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The Perceptions of People with Disabilities as to the Effectiveness of the Americans with Disabilities Act

Article Summary

Hinton (2003) examined the perceptions of people with disabilities as to the effectiveness of Americans with Disabilities Act (ADA) with regard to accessibility issues covered by Title II (public sector), Title III (private sector), & Title IV (telecommunications). Factors such as types of disability, age of onset of the disability, individual employment status, and the individual's membership in disability organizations, which could contribute to how people with disabilities perceive the effectiveness of the ADA were also examined.

A survey was administered to people with disabilities from 11 disability organizations in Tennessee regarding their perceptions of accessibility issues covered by Title II, III, & IV of the ADA. Hinton surveyed participants' perceptions regarding changes in accessibility to goods, programs, and services provided by covered entities since the passage of the ADA. Survey respondents rated changes in accessibility for entities such as governmental buildings, libraries, grocery stores, malls, banks, restaurants, telecommunications systems, and closed captions of televisions as well as other covered entities. Participants of the survey reported their type of disability, which included the following: visual (7%), hearing (13.3%), and mobility (79.7). Sixty-one percent of the survey respondents were unemployed and 38.6% were employed at the time of the study.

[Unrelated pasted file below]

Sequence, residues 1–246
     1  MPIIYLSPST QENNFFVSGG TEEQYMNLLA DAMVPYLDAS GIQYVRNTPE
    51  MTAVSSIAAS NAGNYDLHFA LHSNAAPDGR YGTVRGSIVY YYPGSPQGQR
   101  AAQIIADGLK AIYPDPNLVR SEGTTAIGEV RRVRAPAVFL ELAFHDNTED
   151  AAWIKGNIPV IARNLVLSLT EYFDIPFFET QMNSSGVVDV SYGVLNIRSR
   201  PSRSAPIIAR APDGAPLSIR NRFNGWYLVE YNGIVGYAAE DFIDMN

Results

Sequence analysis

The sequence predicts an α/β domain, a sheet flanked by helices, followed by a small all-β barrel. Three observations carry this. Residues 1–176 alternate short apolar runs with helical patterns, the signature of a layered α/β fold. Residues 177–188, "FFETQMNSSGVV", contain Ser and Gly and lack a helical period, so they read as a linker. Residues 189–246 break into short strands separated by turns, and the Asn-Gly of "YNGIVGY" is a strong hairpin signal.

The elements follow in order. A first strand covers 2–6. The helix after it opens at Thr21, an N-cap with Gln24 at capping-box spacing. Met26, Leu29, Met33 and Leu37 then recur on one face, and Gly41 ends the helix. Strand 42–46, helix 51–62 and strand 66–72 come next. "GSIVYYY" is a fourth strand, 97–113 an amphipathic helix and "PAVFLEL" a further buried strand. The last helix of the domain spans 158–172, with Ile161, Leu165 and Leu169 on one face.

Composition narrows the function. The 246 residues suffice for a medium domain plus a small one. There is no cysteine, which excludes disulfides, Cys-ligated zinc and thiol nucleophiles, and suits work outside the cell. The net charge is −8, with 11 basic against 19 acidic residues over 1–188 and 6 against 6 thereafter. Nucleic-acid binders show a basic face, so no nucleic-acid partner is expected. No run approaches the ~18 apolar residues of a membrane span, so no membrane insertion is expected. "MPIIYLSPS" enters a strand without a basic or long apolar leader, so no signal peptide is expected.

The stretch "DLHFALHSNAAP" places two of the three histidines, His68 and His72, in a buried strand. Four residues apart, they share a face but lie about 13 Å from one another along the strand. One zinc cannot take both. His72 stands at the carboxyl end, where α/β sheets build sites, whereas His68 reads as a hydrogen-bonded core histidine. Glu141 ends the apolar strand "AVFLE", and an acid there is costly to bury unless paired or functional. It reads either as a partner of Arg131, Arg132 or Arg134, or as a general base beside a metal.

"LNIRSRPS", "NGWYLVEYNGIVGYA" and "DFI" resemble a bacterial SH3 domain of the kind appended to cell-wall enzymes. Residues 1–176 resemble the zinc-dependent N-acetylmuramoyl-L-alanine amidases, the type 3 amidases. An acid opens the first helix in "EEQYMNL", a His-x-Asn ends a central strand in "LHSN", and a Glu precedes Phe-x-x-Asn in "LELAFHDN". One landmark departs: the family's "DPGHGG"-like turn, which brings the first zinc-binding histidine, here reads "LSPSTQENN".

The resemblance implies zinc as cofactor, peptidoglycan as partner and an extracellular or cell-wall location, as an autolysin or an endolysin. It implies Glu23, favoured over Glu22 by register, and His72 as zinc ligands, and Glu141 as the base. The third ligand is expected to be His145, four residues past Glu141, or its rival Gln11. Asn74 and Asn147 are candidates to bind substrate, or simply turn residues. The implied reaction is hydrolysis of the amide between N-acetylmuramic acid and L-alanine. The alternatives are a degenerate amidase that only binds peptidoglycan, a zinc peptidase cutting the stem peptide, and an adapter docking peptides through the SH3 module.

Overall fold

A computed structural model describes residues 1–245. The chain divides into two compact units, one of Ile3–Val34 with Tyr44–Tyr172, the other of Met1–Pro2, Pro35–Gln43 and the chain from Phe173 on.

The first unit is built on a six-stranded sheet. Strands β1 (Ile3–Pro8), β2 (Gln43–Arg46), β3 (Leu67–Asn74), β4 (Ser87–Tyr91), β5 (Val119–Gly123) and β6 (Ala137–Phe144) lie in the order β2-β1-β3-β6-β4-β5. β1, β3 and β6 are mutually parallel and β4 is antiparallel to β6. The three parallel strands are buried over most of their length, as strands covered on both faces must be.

Hinton uncovered several interesting factors regarding respondents' perceptions of changes in accessibility for Titles II, III, and IV of the ADA. Hinton reports, "For both Title II (public sector) and Title III (private sector), a majority of the participants rated accessibility as not better. However, the public sector was rated higher (by 15.%) than the private sector." Telecommunications or Title IV differed from Titles II and III showing survey participants (60.3%) rating telecommunications as better. Hinton found that Title IV rated highest and Title III was rated the lowest throughout the data. Regarding disability type, Hinton reports, "there is a disparity among the perceptions of people with different types of disabilities as to the effectiveness of ADA's implementation regarding Title II accessibility issues." One trend uncovered by Hinton was that individuals who had had disabilities since birth were less likely to perceive accessibility as being better when compared to those who became disabled in childhood or adulthood. Hinton also reports that when individuals belong to highly active disability organizations rated Title II and Title IV accessibility issues as better. This did not hold true for Title III. It's reported that employment status had no influence on individual perceptions of the ADA's effectiveness. The most statistically significant factor Hinton reports is that people with visual disabilities rated Title II and III much lower than persons with hearing or mobility issues.

Hinton concludes, "Differences in perception of accessibility among the three titles did emerge from the analysis. The public sector (Title II) was rated somewhat higher than the private sector (Title III) in improved accessibility since the passage of the ADA." However, Hinton states in neither case did a majority of respondents rate accessibility issues covered by these titles as better. "In contrast, a majority of respondents rated Title IV as better. Hinton believes, "Further research is needed to examine in more detail the specific factors that limit accessibility."

Reference

Hinton, C.A. (2003). The perceptions of people with disabilities as to the effectiveness of the Americans with Disabilities Act. Journal of Disability Policy Studies,13(4), 210 -220.

Pro Ed - Journal of Disability Policy Studies

 


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